Kinoulton church in 2013.
Kinoulton church in 2013.
© Copyright Richard Croft and licensed for reuse under this Creative Commons Licence

KINOULTON. Its claim to remembrance is the glorious prospect from its hill of the great Vale of Belvoir, with the castle on the horizon. The Grantham Canal goes under the road to wander through the fields, and opposite the forge is the plain brick church, built in 1793 after the old one near the Fosse Way was pulled down.

A Piece of old Sherwood Forest

KIRKBY-IN-ASHFIELD. Coal has changed the face of this countryside where three rivers come to life (the Erewash, the Leen, and the Maun,) but the loss of its beauty does not blind us to its old story. It came into Domesday Book, and may have had a Roman settlement. The name lives in a group of places today— Kirkby-in-Ashfield, Kirkby Woodhouse, and East Kirkby, the newcomer which has outstripped the others in size.

Its own folk still speak of East Kirkby as Kirkby Folly. In 1803 a man named Brown bought a field at the four cross-roads and began to build an inn, though there were only three cottages near. The inn was not completed, and was long spoken of as Brown's Folly, but Brown was only a little too soon. Mining and hosiery were soon to halt here in their stride, and the community which began to grow up round the cross-roads is the populous East Kirkby of today, with a pleasing 20th century church of brick and stone in the long street with a vista of two great slag heaps looking like toy mountains.

Kirkby Woodhouse straggles along to an old Baptist chapel built in 1754 and enlarged after a hundred years, its gabled porch projecting into a tiny old graveyard with an array of upright stones.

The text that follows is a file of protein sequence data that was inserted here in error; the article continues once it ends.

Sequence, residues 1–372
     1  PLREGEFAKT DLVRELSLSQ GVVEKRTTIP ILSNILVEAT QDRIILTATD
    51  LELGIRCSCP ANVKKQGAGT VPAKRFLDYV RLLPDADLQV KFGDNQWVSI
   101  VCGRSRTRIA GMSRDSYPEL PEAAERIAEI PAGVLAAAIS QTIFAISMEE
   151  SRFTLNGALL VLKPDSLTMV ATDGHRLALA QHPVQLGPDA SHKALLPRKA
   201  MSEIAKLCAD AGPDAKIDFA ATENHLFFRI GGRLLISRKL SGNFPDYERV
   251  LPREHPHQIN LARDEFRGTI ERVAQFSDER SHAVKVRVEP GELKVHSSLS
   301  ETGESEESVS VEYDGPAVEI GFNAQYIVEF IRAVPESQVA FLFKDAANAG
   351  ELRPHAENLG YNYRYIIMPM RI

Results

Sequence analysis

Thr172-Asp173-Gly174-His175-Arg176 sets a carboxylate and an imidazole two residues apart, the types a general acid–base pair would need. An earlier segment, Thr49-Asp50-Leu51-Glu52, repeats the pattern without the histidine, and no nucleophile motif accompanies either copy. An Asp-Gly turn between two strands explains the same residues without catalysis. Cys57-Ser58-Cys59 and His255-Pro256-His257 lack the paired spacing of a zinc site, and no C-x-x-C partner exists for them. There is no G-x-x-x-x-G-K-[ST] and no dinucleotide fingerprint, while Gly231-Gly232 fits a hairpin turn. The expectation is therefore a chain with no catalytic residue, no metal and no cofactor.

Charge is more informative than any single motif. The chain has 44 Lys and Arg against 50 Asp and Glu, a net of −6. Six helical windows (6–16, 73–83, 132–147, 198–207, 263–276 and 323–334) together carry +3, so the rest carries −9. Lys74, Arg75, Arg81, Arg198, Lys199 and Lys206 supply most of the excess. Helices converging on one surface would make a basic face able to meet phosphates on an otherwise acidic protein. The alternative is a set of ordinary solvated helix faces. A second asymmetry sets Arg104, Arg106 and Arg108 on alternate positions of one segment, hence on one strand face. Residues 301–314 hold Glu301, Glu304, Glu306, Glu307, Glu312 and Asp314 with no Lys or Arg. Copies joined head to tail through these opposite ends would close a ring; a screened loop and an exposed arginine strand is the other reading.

When the Stotevilles built their Norman castle on Kirkby-in-Ashfield's hilltop the site had Sherwood Forest for a background and a fine view over the Erewash Valley. The old earthworks are still here, near the church, and facing the church is the stone-walled village pound, and what is left of the stone manor house with twin gables, built 300 years ago and now divided into three dwellings.

Kirkby in Ashfield church and rectory, c.1920.
Kirkby in Ashfield church and rectory, c.1920.
Kirkby church after the fire in 1907.
Kirkby church after the arson attack in January 1907.

The church was rebuilt after a fire in our own century; as the people watched its flames soaring to the sky they could see Annesley's new church still smouldering from a fire of the night before. Some of the masonry of old Kirkby Church survives in the new one, and in the floor of the porch are old coffin lids engraved with crosses. The new church has a round north arcade and a pointed south arcade in the style of those destroyed. It is notable for a statue of St Wilfrid in a niche on the porch, and rich carving on the hoods, the capitals and the corbels; for the beautiful oak stalls and pews, the handsome screen, and the organ case; and for windows glowing with colour.

The old market is no longer held, but a fragment of the tapering shaft of the old cross still stands on its old steps by the wayside in this oldest part of Kirkby, its distinguishing name of Ashfield reminding us that here was a clearing in the ancient Sherwood Forest, with ash trees abounding.